LV= interview: Behind a public private equity takeover

Tom Ellis
clock • 8 min read
LV= interview: Behind a public private equity takeover

In one of the most public takeovers of recent times, the sale of LV= to Bain Capital has provided trade and national news publications alike with plenty of headlines and readers with no end of intrigue.

International Investment recently reported (24 November) that British mutual insurer LV will be acquired using a Jersey incorporated company if members agree to the sale of the business to US private equity firm Bain Capital.

Clive Bolton, managing director of protection, savings and retirement at LV=, speaks to International Investment's sister title, Professional Adviser editor Tom Ellis, about the takeover, what is driving it and all the noise around the deal for the mutual…

It was slightly unusual to actually go through the entire process of selecting Bain Capital without actually meeting the people that we were talking to."

A private equity takeover is bound to have an impact on any company, not least a mutual steeped in history, which by nature keeps a portion of its customers literally invested in the business.

But Bolton is keen to reassure that the private equity firm is not coming onto the scene to rock the boat: the party line is continuity. Bain Capital is arriving to continue a strategy already begun and to keep investing in it.

"We'll continue to focus on our fund range and the platforms and methods that are required to distribute those," Bolton tells Professional Adviser. "We'll continue to focus on our protection business.

"We've seen the IT investment we've made in the equity release platforming, the changes we've made in our investment business and are beginning to make in our protection [business]. You'll see protection will be a big focus for us going forward in terms of digital assets, and being easier to do business with straight-through processing."

Bain Capital is buying a company and a strategy, he restates. It's "an acceleration", not a takeover to enforce change and disruption.

Indeed, as well as the board, LV='s employees are apparently intent on supporting the continuity Bain's deal has promised to offer: the mutual's ‘employee consultative forum' has thrown its weight behind support for the private equity firm's bid above others. Chair Greg Batterbee, in a public letter to members, writes: "LV= is a significant employer in the Bournemouth, Hitchin and Exeter areas, and Bain Capital have committed to all these locations. The other bids could have resulted in large numbers of immediate job losses and closure of sites - a less than desirable outcome.

"In contrast, Bain Capital want to provide the opportunity for people to be part of a growing business."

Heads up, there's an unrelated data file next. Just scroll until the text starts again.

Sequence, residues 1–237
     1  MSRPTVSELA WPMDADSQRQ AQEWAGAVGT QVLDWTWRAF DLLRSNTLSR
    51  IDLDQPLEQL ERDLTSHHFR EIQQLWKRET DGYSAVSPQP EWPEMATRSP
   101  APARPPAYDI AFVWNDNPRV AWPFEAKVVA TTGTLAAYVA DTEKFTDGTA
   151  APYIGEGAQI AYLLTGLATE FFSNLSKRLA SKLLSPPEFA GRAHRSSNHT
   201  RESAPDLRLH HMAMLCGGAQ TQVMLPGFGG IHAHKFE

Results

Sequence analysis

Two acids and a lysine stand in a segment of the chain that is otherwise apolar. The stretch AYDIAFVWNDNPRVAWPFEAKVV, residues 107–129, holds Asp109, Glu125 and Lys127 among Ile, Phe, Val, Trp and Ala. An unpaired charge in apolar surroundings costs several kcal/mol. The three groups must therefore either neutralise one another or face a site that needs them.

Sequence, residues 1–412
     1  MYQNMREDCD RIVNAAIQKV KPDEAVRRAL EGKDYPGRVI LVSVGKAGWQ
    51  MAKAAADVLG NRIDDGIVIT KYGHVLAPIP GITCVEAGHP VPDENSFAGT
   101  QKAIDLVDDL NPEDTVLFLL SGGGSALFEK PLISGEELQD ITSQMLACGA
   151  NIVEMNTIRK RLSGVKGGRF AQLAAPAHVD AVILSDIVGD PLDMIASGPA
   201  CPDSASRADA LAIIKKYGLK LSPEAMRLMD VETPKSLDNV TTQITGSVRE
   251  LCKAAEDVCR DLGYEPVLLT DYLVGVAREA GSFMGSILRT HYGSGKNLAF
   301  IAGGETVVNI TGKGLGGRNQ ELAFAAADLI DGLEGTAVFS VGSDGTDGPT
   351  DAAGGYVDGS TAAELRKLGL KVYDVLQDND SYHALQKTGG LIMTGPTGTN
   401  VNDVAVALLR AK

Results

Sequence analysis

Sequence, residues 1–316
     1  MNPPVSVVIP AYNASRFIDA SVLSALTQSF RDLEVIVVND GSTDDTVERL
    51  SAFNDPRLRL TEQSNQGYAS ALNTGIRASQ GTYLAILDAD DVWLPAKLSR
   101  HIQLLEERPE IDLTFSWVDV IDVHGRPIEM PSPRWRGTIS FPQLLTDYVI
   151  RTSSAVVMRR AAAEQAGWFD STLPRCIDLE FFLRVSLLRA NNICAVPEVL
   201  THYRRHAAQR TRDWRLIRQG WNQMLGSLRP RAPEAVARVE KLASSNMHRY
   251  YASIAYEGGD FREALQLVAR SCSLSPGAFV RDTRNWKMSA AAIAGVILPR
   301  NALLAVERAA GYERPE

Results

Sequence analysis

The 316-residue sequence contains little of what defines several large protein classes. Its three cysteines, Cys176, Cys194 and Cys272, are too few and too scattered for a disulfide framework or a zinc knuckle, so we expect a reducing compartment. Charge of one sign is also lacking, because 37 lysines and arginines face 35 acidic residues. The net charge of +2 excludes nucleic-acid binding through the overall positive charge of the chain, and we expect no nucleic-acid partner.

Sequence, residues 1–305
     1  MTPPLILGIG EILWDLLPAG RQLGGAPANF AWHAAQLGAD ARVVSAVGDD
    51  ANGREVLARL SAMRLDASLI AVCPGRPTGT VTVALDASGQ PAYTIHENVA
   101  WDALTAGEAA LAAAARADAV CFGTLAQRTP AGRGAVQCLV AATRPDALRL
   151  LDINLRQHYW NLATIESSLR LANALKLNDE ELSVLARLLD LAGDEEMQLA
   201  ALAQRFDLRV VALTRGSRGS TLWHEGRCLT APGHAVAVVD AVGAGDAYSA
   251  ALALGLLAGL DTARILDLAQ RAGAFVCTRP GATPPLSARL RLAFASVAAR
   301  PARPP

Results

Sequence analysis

Batterbee adds that the proposed deal with Bain Capital offers the best outcome for both employees and members and would "secure a bright future for our well-loved brand." As such, he concludes in the letter, he encourages members to vote in favour of the takeover.

Not all continuity

While LV= and Bain Capital are promising more of the same - not just a continuation of strategy but more customers and more investment into the company - there are avenues the firm could yet go down. Many rival mutual and life companies have tried to put distance between those old-fashioned labels by investing money in technology, particularly adviser investment platforms.

The list to have made the transition away from the stuffy life company or mutual label, or at least tried to, is long: Aegon, Aviva, Abrdn (it even gave itself a techy name), Royal London, L&G, Axa, Quilter, and more.

Bolton is not ruling out a similar move for LV=. In fact, he hints that could be one of the next steps for the company. Perhaps not into the advised wealth platform space, but certainly in terms of upgrading technology, which Bolton admits has not been kept particularly up-to-date compared to rivals.

The idea marries up with its desire to increase its presence in the protection arena, which grows increasingly technological, where LV= thinks it will grow its customer numbers outright. It is already a big player in the protection space and Bolton says it is willing to invest in the business to boost its presence.

The protection side is not the only part of its business demanding the need for technology advancements - the firm's smooth managed funds require better platforms to drive distribution too.

Out in the open

The takeover of LV= is certainly no secret. Neither are the proposals behind it or many of the mechanics of the deal. The company has been more transparent than most in its bid to win over members ahead of the crucial vote for its future on 10 December.

And while the takeover has been somewhat played out in public, the trend of private equity money flooding into the wealth management, advice and life insurance space has been transparent for all to see too.